Microphone itself comes in a really nice metal box which protects it from outer world (including falling on the ground; haven't tested that yet:)) You get an original grey Shure holder which is nothing special, but it fits perfectly to this microphone, sometimes even too tight. It requires a phantom power to operate. I was a bit skeptic at the first sight, ok, I have a new mic, it looks nice, have a really nice box,...but would it do the job it was bought for...at first I had set a volume as others on mixing table as I had microphone in Hyper-cardioid mode (we are trying to get to the point where we have volume/gain set just under feedback); btw, others are using SM58 and Beta 58A which are really good microphones in my opinion...and I could feel the difference at the first tone..more defined, easier to pronounce spoken words, you could almost speak, not sing a song...singing became easier...and then the magic happened? I wanted to know how much this feature »almost no feedback« is true. I asked my band buddy if he could raise volume of my microphone till it will feedback and the volume was very high before this happened (we have a small rehearsal place). It is easier to sing at that volumes (believe me, other won't let you be at that higher volumes comparing to them?) I can not more than recommend this microphone as it is almost incomparable to others microphones, which are largely used in bands. We are playing loud and I mean playing really loud at our rehearsal place and I can sing through all the instruments w/o a problem. I'm not using wide cardioid mode a lot, if I'm alone or if I record just singing, other than that, it just picks up all the sounds in the same room and that doesn't suits my needs. Just try this microphone and you will never look back.
Like most people I started with the live singing through an SM58. It was reliable and you knew exactly what you'd get. I play mostly in a pretty loud electronic rock band, but started taking my vocals a lot more seriously as we progressed and got better equipment and bigger stages. Since then I've run through quite a variety of vocal mics, both dynamic, though more and more condensers. Always liked Shure build quality and the Beta-87A was a nice step-up for a while.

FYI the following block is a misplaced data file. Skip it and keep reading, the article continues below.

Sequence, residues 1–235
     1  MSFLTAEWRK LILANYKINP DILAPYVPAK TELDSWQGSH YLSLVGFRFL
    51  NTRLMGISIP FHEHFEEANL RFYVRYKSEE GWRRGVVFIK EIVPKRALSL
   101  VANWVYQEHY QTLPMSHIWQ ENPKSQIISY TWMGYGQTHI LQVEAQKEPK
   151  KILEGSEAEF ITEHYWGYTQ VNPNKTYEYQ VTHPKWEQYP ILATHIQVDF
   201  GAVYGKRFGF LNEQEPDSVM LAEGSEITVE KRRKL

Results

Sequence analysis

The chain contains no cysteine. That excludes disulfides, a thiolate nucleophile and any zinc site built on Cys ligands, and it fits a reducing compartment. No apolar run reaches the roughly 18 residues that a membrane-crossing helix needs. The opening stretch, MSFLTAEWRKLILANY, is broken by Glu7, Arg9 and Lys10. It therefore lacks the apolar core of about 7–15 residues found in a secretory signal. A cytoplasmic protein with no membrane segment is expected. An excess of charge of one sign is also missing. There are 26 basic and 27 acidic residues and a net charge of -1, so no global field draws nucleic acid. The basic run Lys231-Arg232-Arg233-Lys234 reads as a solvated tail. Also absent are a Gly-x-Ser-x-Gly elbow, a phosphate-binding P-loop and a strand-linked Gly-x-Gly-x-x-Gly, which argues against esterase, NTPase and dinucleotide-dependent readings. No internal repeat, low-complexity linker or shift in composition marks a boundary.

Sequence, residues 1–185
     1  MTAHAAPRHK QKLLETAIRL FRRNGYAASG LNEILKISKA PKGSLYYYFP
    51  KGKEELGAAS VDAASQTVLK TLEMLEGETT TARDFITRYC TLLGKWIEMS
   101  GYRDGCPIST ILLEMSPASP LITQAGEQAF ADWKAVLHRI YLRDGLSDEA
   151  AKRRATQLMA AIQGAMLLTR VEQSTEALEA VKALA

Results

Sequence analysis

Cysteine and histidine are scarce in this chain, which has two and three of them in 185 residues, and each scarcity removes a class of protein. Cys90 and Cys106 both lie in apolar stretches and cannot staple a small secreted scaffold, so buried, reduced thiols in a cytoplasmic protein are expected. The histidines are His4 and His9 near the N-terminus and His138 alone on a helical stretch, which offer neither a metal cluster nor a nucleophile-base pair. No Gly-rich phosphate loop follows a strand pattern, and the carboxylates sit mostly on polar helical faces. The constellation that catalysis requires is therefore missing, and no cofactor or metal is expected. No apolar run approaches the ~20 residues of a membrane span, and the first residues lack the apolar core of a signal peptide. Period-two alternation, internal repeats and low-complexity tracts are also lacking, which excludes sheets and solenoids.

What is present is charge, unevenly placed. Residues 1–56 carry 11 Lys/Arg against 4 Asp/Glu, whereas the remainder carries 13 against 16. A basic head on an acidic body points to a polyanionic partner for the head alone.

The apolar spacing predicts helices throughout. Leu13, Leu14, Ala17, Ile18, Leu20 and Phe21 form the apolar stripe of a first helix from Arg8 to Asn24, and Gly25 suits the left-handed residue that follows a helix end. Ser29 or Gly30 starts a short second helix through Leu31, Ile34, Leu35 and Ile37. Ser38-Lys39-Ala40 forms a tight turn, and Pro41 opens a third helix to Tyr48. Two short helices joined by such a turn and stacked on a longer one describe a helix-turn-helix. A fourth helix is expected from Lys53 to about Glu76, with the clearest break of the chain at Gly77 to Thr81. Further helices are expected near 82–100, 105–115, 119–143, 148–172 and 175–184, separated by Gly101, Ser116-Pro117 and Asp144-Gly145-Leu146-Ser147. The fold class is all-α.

Then I got hold of the Neumann KM105 and the quality and ease of singing was a revelation. Often hardly needed much in the way of EQ. Problem was that mic just wouldn't reject feedback and was so fussy with monitor set ups. Even though we use IEM on bigger stages, we mostly like some stage monitors as well for the feel of volume. I think the KM105 probably is the end of your search if you play acoustically or with a quieter band. I really, really rate it.
But then after struggling with my KM105 and going back to the Shure Beta87 a live engineer recommended trying the new Shure KSM 9 HS - he felt it was very close to the KM105 but the feedback rejection was far superior and the slightly flatter response might suit my voice. So bought from Thomann. Don't have the stores round my area to try these out, so was bought more in hope than expectation.
Safe to say, the other review is spot on. The same sort of ease of singing as the very best condenser microphones, but able to handle insane SPL and stage volume without feedback. Far less fussy about monitor placement than the KM105. If you wanted to get ultra-fussy you'd say the Neumann is more 'airy' and the Shure more 'silky' but to most people they wouldn't sound vastly different - it's just a lot easier to use the KMS 9 HS (in hypercardioid mode) on loud stages and, personally, the Shure build quality looks a bit more rugged to me.
Oddly the KMS 9 HS looks a lot simpler than most of Shure's line-up. For their premiere live vocal microphone, it's not got the obvious bling factor of it's rivals, but it's quality is all in the build and sound.
Some people will find the pattern switch between Hyper-C and sub-C is a bit of a leap compared to the older KMS 9 Regular-C and Super-C and I've heard some people complain that you have to open the mic up to make the switch with no outside visible way of telling which pattern is active - but I feel that any external switching would make it too easy to knock live. YMMV.
But if you play loud, especially if you play an instrument and sing too, this is the best mic you can get.
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